The effects on humans through CFC’s causing Ozone depletion will be great, worsening throughout the 21st century. The ozone depletion over the northern hemisphere is expected to account for between a 10% and 20% skin cancer increase in the Pacific Northwest in the next few decades. Studies show that a 1% reduction in Ozone, would result in over 10 000 additional cases of skin cancer in America alone. Australia has one of the most severe UV-B related problems anywhere in the world. It is estimated that 2 out of 3 people in most parts of the country will develop skin cancer, in Queensland, which has the highest UV-B levels, that number is raised to 3 out of 4. In America, in 1935, the chances of developing the most serious form of skin cancer (malignant melanoma), was 1 in 1500. In 1991, it had soared to 1 in 150, and it is predicted that by the year 2000, it will be 1 in 75.
In an effort to curb the devastation by CFC’s, industries have created two new classes of Halocarbons – Hydrochloroflourocarbons (HCFC’s) and Hydroflourocarbons (HFC’s). HCFC’s are identical to CFC’s, but also contains a hydrogen atom. With this hydrogen atom, the HCFC’s react differently with ozone, and although they still destroy it (having 4000 to 10000 times the destructive level of CO2), they have a much shorter life span, of about 13 years. The Copenhagen Amendment calls for their elimination by 2020. The HFC’s are considered to be the best substitute to CFC’s, as they do not contain chlorine (the substance that destroys ozone), their inability to trap heat and their short lifespan. In America, all new air conditioners in automobiles contain HFC’s, and their rate of use is growing rapidly, at a rate of 100% a year.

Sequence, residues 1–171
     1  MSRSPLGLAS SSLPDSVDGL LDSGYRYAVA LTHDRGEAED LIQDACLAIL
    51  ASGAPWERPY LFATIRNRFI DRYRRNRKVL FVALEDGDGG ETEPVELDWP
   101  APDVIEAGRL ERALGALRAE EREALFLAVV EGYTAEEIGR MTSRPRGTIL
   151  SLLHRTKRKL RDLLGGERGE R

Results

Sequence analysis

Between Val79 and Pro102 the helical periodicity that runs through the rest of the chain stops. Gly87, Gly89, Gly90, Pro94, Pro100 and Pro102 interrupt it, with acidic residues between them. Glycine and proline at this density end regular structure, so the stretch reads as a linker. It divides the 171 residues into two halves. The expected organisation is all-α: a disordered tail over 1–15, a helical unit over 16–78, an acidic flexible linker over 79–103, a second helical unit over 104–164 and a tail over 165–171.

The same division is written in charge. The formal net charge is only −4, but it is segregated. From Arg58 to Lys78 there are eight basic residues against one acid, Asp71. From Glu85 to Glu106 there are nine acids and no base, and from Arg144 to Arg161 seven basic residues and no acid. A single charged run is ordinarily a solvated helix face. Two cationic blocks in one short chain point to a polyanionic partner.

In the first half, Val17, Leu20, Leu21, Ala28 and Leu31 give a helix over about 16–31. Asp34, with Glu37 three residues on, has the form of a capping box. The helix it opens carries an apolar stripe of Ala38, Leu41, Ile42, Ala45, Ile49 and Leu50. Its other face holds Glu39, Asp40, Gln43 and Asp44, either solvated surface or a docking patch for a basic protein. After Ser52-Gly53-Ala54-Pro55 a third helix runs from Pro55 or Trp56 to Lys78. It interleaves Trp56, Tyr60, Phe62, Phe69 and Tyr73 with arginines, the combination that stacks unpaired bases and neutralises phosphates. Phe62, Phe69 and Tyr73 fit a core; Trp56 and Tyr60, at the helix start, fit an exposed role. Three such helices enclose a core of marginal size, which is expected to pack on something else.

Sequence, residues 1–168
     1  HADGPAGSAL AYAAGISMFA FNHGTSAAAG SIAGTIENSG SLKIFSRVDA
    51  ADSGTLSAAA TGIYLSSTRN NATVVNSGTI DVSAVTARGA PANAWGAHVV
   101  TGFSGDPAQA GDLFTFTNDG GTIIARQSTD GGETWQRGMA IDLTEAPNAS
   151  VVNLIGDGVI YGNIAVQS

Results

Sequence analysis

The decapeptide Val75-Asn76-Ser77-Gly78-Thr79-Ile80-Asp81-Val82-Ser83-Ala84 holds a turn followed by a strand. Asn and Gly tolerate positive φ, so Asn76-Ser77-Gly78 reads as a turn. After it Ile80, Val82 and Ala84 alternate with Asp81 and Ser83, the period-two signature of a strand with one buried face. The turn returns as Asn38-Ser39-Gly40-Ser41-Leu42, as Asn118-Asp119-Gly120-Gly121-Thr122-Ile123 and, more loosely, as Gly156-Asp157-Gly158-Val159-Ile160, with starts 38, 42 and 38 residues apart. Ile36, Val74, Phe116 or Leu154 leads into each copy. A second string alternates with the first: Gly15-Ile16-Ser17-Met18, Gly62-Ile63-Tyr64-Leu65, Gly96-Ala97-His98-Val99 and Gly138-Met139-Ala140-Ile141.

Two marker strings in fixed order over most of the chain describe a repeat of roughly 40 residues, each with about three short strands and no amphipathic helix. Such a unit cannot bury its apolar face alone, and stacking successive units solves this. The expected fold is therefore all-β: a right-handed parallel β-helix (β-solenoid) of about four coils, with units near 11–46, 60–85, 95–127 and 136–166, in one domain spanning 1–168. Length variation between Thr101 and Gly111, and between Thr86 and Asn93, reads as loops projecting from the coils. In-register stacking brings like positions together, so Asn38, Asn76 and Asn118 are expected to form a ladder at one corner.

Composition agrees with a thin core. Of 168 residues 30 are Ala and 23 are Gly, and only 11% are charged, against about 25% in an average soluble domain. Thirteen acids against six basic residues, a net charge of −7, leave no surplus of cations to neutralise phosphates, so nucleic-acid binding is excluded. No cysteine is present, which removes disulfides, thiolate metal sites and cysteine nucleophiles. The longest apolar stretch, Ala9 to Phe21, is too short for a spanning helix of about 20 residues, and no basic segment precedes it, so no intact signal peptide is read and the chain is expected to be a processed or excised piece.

After nearly a century of use, CFC’s have finally been almost totally eliminated from production on the face of the planet. It seems as though we have finally taken a step in the right direction as far as preserving our ozone and our climate. Unfortunately, the repercussions of CFC’s will not go away anytime in the near future. Their effects will be felt well into the next century, as they continue to eat up what remains of our ozone and heat up our planet. Even after all of the CFC’s have decomposed, it will take generations before the ozone can begin to regenerate. That is one positive aspect of all this, and our future depends on it — the damage done today is not irreversible — but without immediate and drastic action, it will be.